Every now and then you may wonder, Where did the time go? Whether mystified at how quickly an afternoon slipped away or reflecting on years gone by at lightning speed, you’ve probably experienced periodic sensations of lost time. Yet 44% of Americans feel they’ve lost time in their lives due to a known culprit: poor mental health.

Among people diagnosed with depression and/or anxiety, this percentage nearly doubles to 78%.

That’s according to a new national survey from Myriad Genetics, dubbed the GeneSight Mental Health Monitor. In February, the genetic testing company and ACUPOLL Precision Research surveyed 1,000 U.S. adults about their mental health. The results, published in April, reveal the chronological toll of mental illness.

Among respondents diagnosed with depression and/or anxiety, 50% said they’ve lost years of their life to poor mental health, while 12% said they’ve lost decades.

“For a patient who is struggling, time ticks a lot slower than it does for the rest of us,” Debbie Thomas, EdD, a psychiatric nurse practitioner in Prospect, Ky., said in a GeneSight news release. “One of my patients told me that when they woke up in the morning, they counted how many hours before they could go back to bed. That’s pretty telling when someone is in the depths of depression and anxiety to that degree.”  

Many people reported poor mental health has robbed them of not only time itself, but also fundamental moments. About 71% of respondents said it has kept them from being fully present during important events, and more than half of people with depression and/or anxiety said they’d missed out on a major life event because of their mental health. Respondents with these conditions said they felt guilty, hopeless, useless, worthless, and/or self-critical when missing milestones.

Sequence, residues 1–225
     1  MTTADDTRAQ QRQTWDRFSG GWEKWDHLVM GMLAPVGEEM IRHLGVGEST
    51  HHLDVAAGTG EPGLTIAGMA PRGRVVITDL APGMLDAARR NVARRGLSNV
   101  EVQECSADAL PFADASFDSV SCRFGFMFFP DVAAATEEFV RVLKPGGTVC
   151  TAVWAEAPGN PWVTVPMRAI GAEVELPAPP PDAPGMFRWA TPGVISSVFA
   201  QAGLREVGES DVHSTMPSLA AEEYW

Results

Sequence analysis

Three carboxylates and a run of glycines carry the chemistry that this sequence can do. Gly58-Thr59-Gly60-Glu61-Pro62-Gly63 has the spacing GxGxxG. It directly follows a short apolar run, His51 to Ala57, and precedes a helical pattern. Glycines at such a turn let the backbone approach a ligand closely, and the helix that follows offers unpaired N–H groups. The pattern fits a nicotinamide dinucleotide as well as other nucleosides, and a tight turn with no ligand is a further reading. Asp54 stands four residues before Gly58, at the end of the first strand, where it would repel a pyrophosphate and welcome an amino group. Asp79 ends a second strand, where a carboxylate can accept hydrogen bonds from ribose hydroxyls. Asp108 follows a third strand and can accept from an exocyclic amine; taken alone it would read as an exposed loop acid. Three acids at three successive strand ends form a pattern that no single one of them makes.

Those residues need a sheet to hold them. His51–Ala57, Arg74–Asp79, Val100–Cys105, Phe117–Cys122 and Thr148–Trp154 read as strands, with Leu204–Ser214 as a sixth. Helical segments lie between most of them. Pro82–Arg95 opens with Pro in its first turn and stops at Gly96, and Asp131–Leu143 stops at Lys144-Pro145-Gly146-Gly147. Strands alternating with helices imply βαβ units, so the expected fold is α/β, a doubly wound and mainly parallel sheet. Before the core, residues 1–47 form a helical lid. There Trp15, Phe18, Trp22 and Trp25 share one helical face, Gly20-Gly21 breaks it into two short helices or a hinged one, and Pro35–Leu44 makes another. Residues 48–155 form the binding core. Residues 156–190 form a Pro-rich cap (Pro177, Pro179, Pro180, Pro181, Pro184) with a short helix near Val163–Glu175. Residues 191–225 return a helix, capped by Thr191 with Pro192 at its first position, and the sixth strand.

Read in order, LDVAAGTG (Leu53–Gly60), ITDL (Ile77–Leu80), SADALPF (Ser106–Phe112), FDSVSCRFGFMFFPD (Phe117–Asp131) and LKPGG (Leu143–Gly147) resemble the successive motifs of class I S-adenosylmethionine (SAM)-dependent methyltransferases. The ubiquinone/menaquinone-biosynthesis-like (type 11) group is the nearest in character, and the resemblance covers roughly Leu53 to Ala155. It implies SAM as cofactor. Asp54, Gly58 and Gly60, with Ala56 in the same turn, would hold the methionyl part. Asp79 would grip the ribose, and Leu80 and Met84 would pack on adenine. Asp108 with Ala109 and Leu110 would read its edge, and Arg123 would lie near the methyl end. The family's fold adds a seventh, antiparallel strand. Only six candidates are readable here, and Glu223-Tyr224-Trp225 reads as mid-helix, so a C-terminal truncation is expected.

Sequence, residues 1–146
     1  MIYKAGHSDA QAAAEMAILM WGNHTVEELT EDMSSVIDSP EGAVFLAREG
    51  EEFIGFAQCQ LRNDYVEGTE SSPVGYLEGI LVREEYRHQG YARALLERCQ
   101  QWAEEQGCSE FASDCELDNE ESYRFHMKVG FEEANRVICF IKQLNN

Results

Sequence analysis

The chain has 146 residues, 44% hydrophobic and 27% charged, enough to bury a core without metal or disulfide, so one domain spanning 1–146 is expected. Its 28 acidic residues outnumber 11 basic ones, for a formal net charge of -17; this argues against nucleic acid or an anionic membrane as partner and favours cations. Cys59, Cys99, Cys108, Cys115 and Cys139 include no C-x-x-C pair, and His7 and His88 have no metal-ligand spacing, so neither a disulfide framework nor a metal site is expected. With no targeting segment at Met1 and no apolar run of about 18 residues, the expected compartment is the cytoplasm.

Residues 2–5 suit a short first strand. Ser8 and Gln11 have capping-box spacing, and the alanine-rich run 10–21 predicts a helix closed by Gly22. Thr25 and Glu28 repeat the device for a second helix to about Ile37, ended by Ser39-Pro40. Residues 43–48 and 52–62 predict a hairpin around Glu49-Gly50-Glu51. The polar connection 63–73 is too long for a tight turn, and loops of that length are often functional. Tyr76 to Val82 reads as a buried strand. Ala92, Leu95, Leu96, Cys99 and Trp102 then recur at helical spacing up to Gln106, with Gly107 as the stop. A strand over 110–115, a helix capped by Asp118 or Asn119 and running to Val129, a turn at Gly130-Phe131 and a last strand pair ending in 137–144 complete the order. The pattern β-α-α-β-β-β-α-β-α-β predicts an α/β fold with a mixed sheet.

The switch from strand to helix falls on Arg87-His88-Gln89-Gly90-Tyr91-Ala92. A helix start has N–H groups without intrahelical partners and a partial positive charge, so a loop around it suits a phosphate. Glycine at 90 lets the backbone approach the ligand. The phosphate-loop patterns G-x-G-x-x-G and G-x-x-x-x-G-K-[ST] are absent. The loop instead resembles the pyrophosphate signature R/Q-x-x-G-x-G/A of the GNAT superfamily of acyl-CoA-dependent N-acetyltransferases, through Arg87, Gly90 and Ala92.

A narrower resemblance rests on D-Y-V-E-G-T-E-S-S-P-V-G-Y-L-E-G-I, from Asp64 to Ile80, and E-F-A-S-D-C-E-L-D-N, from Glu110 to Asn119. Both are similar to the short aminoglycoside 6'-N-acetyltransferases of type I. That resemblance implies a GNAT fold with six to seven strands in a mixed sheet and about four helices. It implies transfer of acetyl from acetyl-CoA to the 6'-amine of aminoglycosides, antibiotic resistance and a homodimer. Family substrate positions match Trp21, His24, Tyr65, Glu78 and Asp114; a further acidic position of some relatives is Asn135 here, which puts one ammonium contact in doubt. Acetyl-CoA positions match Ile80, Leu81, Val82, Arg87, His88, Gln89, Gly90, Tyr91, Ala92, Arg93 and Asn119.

In addition, 33% of respondents with depression and/or anxiety cited ineffective mental health treatments as a reason for missing significant events.

The vast majority of people with depression and/or anxiety, 82%, said their mental health had prevented them from having fun or enjoying themselves in the past year, compared to 78% of all respondents.

Patients with depression and/or anxiety tend to be as upset about the time they feel they lost due to poor mental health as they are about having a mental illness, said Sharon Philbin, MSN, an advanced practice registered nurse in Pawtucket, R.I.

“Patients who have lost time due to depressive episodes or periods of anxiety often feel a sense of loss, which further complicates their mental health situation,” Philbin said in the news release. “Many of my patients say they are thankful they feel better, but they worry that it will happen again.”

Just 16% of survey respondents said they feel “ready to take on the world” following a depressive episode. They also feel:

  • Exhausted: 60%
  • Coming out of a fog: 50%
  • Disappointed to have missed out on life: 47%

The survey relied on respondents to self-report having been diagnosed with depression or anxiety by a medical professional. While polling included mental health screening instruments—the Patient Health Questionnaire-2 (PHQ-2) for depression and the Generalized Anxiety Disorder-2 (GAD-2) questionnaire for anxiety—it’s unclear what types of these disorders respondents had.

If you need immediate mental health support, contact the 988 Suicide & Crisis Lifeline.

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